University publications and material indicate that its campus is located in the suburb of North Ryde, although the Geographical Names Board of NSW indicates it is located in the suburb of Macquarie Park. The University has its own postcode: 2109. . As a part of this process, topography and biodiversity were used as demonstration theme areas. Whilst these theme areas are closely linked to landscape character, other information, such as that contained in social layers, is also relevant to landscape character, and can fit into this version of the package in its 'general section'. As the CVLA explains, though, 'it is not out of the question for other major theme areas to be added in the future. In fact, it is a good idea for other theme areas to be added'.
Information frameworks for topography (after Batten, 1999a, 2001) and biodiversity (Batten and Aplin, 2002) were accessed and, whilst the collection of map layers in the CVLA is not as developed as it could be, each of the core components of those frameworks is covered. In the case of biodiversity, map layers demonstrate the four major filters discussed in Batten and Aplin (2002): biological indices, historical integrity, biotic biotic /bi·ot·ic/ (bi-ot´ik)
1. pertaining to life or living matter.
2. pertaining to the biota.
1. Relating to life or living organisms. health, and landscape valuing. In the case of topography, map layers include: general shape measures, process-zone measures, catchment measures, and a synthetic characterisation layer, as outlined in Batten (2001).
The general section of the CVLA includes a regional map (see figure 2), and, similar to the Hastings Catchment Information Package, an outline map and a geology map. Also presented is an initial climate layer--of average annual rainfall--and a demonstration perspectival layer that deals with heritage. This latter reference, to a perspectival layer, is of particular interest, as the following paragraphs explain.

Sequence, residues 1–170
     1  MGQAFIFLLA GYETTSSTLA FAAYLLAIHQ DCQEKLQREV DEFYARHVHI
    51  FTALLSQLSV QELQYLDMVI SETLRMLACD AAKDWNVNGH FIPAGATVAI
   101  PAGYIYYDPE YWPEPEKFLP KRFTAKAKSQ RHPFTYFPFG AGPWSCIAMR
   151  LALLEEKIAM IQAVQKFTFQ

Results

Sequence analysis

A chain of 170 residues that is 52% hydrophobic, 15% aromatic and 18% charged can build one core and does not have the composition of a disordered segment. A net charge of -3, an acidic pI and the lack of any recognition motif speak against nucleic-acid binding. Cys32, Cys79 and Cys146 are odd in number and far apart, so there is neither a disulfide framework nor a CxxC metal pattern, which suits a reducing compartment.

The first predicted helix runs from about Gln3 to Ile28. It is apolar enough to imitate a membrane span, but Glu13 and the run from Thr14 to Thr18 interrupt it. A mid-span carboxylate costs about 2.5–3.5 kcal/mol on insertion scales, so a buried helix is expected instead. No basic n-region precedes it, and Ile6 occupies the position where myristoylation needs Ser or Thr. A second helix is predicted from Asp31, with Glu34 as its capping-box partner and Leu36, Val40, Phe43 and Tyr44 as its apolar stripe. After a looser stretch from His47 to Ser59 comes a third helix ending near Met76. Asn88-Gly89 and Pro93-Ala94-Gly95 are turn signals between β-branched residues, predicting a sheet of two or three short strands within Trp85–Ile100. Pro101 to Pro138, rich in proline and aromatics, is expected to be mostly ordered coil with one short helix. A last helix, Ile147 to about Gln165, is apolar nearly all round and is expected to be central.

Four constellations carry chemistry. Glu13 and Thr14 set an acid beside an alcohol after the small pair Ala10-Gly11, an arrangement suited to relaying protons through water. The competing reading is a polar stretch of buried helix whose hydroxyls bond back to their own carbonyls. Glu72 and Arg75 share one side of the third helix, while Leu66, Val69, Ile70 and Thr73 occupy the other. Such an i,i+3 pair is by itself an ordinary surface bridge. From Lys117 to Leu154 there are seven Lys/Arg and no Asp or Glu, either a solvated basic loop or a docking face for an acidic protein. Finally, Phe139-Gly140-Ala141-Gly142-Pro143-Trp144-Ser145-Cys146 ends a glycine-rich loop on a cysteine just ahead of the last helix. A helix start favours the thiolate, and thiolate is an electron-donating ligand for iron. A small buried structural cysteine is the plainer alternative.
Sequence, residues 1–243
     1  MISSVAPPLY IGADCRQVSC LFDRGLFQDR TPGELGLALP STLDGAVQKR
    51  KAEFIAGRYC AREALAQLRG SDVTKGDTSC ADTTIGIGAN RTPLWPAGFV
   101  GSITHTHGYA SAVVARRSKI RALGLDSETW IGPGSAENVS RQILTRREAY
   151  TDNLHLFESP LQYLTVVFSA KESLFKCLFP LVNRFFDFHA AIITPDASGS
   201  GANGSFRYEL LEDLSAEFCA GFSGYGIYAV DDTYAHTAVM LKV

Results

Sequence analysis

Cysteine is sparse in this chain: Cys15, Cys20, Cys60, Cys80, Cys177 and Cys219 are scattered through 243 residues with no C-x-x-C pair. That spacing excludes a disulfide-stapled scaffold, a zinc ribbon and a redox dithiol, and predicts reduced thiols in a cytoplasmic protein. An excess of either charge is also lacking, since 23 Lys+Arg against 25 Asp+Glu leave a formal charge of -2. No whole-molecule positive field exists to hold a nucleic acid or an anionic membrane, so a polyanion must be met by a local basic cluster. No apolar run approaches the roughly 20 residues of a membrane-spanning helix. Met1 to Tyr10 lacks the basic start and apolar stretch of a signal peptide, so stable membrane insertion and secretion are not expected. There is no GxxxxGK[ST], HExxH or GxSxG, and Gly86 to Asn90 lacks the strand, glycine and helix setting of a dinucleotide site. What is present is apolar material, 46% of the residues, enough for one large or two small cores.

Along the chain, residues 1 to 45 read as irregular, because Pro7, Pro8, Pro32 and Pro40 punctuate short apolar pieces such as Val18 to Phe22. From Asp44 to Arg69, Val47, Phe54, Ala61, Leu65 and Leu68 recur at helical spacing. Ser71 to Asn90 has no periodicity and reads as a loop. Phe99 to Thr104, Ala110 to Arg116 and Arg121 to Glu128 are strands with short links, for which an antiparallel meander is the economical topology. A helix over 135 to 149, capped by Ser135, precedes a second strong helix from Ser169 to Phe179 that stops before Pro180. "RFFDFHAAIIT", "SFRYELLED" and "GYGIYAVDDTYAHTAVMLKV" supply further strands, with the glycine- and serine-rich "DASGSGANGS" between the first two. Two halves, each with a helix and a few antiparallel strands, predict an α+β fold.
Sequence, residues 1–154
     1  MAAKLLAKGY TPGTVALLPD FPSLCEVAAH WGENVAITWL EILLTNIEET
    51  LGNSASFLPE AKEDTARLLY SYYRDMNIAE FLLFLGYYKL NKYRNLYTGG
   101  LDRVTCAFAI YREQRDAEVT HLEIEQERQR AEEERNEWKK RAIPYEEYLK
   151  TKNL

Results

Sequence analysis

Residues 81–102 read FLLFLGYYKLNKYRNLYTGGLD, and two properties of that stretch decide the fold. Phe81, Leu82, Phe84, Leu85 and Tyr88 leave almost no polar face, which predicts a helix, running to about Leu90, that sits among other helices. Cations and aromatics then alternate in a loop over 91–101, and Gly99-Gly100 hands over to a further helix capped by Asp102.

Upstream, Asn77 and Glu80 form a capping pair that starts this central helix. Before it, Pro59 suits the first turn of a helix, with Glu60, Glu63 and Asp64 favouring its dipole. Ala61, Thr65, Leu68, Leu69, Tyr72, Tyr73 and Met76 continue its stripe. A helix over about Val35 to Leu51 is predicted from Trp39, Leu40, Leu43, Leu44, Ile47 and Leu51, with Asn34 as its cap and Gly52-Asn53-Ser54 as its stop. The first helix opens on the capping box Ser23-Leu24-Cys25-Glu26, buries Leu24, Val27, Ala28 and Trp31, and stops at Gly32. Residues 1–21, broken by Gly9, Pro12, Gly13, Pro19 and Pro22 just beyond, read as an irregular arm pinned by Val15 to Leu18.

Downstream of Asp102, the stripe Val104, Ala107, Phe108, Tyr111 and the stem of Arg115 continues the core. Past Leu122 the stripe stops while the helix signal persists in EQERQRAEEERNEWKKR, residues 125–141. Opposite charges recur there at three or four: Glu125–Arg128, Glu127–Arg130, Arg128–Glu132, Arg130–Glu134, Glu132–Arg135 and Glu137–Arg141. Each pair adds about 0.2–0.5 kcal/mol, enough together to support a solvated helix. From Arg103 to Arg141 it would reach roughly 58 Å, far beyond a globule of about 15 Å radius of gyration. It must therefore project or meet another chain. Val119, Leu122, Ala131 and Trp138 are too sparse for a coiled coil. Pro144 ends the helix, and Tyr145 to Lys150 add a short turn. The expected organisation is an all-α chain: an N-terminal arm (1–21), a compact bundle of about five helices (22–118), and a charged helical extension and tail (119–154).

[FIGURE 2 OMITTED]
As Dorling and Fairbairn (1997, p.80) evocatively account, an important task in atlas development is to acknowledge subjectivities within information provision. This idea is heightened even more within the Internet, for example, given the immediate nature of multiple stakeholders / wide uses. This paper argues that it is useful to acknowledge the context of information, giving background to subjective information, objective information, or information that is a combination of both, which most layers are (after Dorling and Fairbairn, 1997, p.160). Maps should not be treated as absolutely authoritative, as the last word on a topic. The following statement is included in each of the theme areas of the CVLA:
Other information layers that are available for addition to the Capertee Valley Landscape Atlas, either currently available (with Paul Batten) or ideas for production (in italics), are: ...
Even more important in the context of openness is the message contained in the CVLA that encourages other parties to contribute to a regularly updated (living) information package:
You are invited to share any of your ideas about the Capertee Valley Landscape Atlas, be it a suggestion for presentation or an idea for another layer. In addition, there are hardcopy pro-forma for both mapping and providing associated textual information.
The inclusion--in the atlas itself--of facilities that encourage stakeholder involvement in atlas development (see pro-formas in figure 3) is one of the most important contributions of this paper. The idea that different peoples' (not just experts') perspectives are of interest is an important manifestation of the landscape principles of inclusion and flexibility. This idea also promotes balance in an atlas. The expanded scope can offer a diversity of perspectives and interpretations.
[FIGURE 3 OMITTED]
Different Delivery Media
The option of having different delivery media is also about better connecting to potential atlas users. The CVLA is more accessible because it caters for different styles of readership. During the Capertee Valley fieldwork field·work
1. A temporary military fortification erected in the field.
2. Work done or firsthand observations made in the field as opposed to that done or observed in a controlled environment.
3. , many stakeholders requested a hard copy version, whilst many others requested electronic versions, including both online and CD-ROM. The CVLA is available in each of these three delivery media.